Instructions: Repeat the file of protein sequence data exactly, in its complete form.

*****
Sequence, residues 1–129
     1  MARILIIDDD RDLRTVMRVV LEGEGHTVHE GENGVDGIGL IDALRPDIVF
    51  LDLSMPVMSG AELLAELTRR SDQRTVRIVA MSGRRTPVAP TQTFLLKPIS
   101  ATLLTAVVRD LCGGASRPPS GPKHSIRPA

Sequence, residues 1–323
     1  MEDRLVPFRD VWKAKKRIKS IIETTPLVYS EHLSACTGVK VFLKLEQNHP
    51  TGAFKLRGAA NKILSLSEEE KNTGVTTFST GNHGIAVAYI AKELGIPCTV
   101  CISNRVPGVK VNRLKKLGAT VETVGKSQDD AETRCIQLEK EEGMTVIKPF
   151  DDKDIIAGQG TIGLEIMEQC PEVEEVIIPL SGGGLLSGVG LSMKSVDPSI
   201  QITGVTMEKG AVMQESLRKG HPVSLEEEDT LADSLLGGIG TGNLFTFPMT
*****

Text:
Sequence, residues 1–129
     1  MARILIIDDD RDLRTVMRVV LEGEGHTVHE GENGVDGIGL IDALRPDIVF
    51  LDLSMPVMSG AELLAELTRR SDQRTVRIVA MSGRRTPVAP TQTFLLKPIS
   101  ATLLTAVVRD LCGGASRPPS GPKHSIRPA

Sequence, residues 1–323
     1  MEDRLVPFRD VWKAKKRIKS IIETTPLVYS EHLSACTGVK VFLKLEQNHP
    51  TGAFKLRGAA NKILSLSEEE KNTGVTTFST GNHGIAVAYI AKELGIPCTV
   101  CISNRVPGVK VNRLKKLGAT VETVGKSQDD AETRCIQLEK EEGMTVIKPF
   151  DDKDIIAGQG TIGLEIMEQC PEVEEVIIPL SGGGLLSGVG LSMKSVDPSI
   201  QITGVTMEKG AVMQESLRKG HPVSLEEEDT LADSLLGGIG TGNLFTFPMT